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Opinions Feb. 14, 2013

February 14, 2013
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7th Circuit Court of Appeals
In the matter of: Castleton Plaza LP; Appeal of: El-SNPR Notes Holdings LLC
12-2639
U.S. Bankruptcy Court, Southern District of Indiana, Indianapolis Division, Judge Basil H. Lorch III.
Bankruptcy. Holds an equity investor cannot evade the competitive process by arranging for the new value to be contributed by (and the new equity to go to) an “insider” as 11 U.S.C. Section 101(31) defines that term. Competition is essential whenever a plan of reorganization leaves an objecting creditor unpaid yet distributes an equity interest to an insider.

Indiana Court of Appeals
James Roberson v. State of Indiana
18A02-1204-PC-306
Post conviction. Reverses denial of petition for post-conviction relief, which challenged his murder conviction. Roberson received ineffective assistance of trial counsel with respect to failing to ensure that the jury was properly instructed regarding the elements of murder, voluntary manslaughter, and the state’s burden of proof regarding sudden heat. Remands for further proceedings.

American Acceptance Co., LLC., as Assignee of Washington Mutual Finance v. Melissa Willis

42A04-1208-CC-466
Civil collection. Affirms denial of American Acceptance Co.’s motion for a garnishment order against Willis. Given Willis’ financial circumstances, the trial court didn’t abuse its discretion.

Daquan Whitener v. State of Indiana

20A04-1205-CR-254
Criminal. Affirms conviction of Class A felony burglary and the determination that Whitener register as a sex offender as a condition of probation. The state presented evidence of a probative nature from which a reasonable trier of fact could have found beyond a reasonable doubt that Whitener’s entry of K.A.’s home was unauthorized and that he was guilty of burglary as a Class A felony. Dismisses the state’s cross-appeal of whether the court properly declined to enter a judgment of conviction for rape as a Class B felony based on double jeopardy principles.

Omar G. Burton v. State of Indiana (NFP)
03A01-1206-CR-263
Criminal. Affirms sentence imposed following revocation of probation.

James N. Arnold v. State of Indiana (NFP)
16A01-1206-CR-252
Criminal. Affirms conviction of Class D felony being a habitual traffic violator and the Class C infraction of disregarding a traffic control device.

David Garden and Star Homes, Inc. d/b/a Garden Homes Realty v. Lucas International, LLC and Wade Lucas (NFP)
49A02-1206-CC-523
Civil collection. Affirms denial of David Garden’s and Garden Homes Realty’s motion to set aside default judgment.

Kevin Pendleton v. State of Indiana (NFP)
34A05-1207-CR-383
Criminal. Affirms convictions of two counts of Class B felony conspiracy to commit dealing in cocaine.

Charles L. Myers v. Glen L. Williams (NFP)
77A01-1204-CT-142
Civil tort. Affirms jury verdict awarding Williams $130,000 in damages following an automobile accident.

The Indiana Supreme Court and Tax Court issued no opinions prior to IL deadline.
 

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  1. The practitioners and judges who hail E-filing as the Saviour of the West need to contain their respective excitements. E-filing is federal court requires the practitioner to cram his motion practice into pigeonholes created by IT people. Compound motions or those seeking alternative relief are effectively barred, unless the practitioner wants to receive a tart note from some functionary admonishing about the "problem". E-filing is just another method by which courts and judges transfer their burden to practitioners, who are the really the only powerless components of the system. Of COURSE it is easier for the court to require all of its imput to conform to certain formats, but this imposition does NOT improve the quality of the practice of law and does NOT improve the ability of the practitioner to advocate for his client or to fashion pleadings that exactly conform to his client's best interests. And we should be very wary of the disingenuous pablum about the costs. The courts will find a way to stick it to the practitioner. Lake County is a VERY good example of this rapaciousness. Any one who does not believe this is invited to review the various special fees that system imposes upon practitioners- as practitioners- and upon each case ON TOP of the court costs normal in every case manually filed. Jurisprudence according to Aldous Huxley.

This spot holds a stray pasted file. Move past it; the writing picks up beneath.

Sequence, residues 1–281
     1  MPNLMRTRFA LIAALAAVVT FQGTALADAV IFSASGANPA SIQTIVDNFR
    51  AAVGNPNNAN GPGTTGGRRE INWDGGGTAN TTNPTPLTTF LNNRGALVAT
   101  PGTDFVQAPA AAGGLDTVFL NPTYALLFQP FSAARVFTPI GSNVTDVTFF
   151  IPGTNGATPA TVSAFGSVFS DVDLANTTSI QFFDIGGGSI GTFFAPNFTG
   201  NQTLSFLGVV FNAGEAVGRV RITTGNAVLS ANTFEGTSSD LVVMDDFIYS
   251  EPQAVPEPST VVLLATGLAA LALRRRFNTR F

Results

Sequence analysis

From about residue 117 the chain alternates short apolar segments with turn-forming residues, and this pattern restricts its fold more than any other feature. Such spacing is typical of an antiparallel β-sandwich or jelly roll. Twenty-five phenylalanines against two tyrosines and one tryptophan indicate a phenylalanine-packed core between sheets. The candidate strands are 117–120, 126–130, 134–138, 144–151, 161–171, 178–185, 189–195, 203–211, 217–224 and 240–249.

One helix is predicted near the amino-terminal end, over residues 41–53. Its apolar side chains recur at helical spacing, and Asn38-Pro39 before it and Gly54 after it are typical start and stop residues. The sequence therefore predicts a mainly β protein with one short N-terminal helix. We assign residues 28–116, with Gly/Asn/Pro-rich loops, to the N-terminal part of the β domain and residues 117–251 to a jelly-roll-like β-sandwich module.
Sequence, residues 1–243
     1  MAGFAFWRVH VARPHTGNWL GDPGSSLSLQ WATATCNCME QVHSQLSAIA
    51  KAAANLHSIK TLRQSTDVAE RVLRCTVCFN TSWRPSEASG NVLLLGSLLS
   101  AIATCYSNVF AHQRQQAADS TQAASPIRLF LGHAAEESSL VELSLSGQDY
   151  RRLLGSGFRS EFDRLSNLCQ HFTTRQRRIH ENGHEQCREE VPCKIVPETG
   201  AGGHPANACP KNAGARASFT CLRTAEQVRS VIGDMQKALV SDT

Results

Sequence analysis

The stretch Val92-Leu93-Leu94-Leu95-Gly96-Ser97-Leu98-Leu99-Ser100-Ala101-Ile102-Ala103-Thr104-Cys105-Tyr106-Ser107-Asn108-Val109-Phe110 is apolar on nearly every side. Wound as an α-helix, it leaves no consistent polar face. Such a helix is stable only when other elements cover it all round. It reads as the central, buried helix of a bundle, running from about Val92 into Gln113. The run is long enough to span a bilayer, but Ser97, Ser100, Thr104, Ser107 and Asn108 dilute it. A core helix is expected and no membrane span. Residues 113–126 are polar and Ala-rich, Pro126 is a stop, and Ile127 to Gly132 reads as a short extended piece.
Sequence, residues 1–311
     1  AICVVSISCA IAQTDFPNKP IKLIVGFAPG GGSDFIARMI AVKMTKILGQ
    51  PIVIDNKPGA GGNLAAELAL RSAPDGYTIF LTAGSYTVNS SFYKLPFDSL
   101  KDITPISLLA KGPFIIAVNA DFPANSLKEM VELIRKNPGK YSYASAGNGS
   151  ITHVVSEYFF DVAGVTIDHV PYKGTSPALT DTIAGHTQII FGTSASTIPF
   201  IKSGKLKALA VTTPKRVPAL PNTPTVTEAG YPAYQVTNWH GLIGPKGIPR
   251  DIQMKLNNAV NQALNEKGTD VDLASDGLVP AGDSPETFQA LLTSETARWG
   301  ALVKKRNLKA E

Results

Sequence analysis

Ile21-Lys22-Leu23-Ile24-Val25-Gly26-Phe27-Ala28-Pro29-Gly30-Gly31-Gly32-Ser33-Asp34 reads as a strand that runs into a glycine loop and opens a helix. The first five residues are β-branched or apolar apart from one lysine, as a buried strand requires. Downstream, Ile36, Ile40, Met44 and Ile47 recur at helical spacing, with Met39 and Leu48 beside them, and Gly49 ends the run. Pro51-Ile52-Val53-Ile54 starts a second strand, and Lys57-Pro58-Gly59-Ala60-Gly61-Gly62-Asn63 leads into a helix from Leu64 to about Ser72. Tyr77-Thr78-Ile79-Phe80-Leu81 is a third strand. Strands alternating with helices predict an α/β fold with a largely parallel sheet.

2. Any attorneys who practice in federal court should be able to say the same as I can ... efiling is great. I have been doing it in fed court since it started way back. Pacer has its drawbacks, but the ability to hit an e-docket and pull up anything and everything onscreen is a huge plus for a litigator, eps the sole practitioner, who lacks a filing clerk and the paralegal support of large firms. Were I an Indiana attorney I would welcome this great step forward.

  3. Can we get full disclosure on lobbyist's payments to legislatures such as Mr Buck? AS long as there are idiots that are disrespectful of neighbors and intent on shooting fireworks every night, some kind of regulations are needed.

  4. I am the mother of the child in this case. My silence on the matter was due to the fact that I filed, both in Illinois and Indiana, child support cases. I even filed supporting documentation with the Indiana family law court. Not sure whether this information was provided to the court of appeals or not. Wish the case was done before moving to Indiana, because no matter what, there is NO WAY the state of Illinois would have allowed an appeal on a child support case!

  5. "No one is safe when the Legislature is in session."

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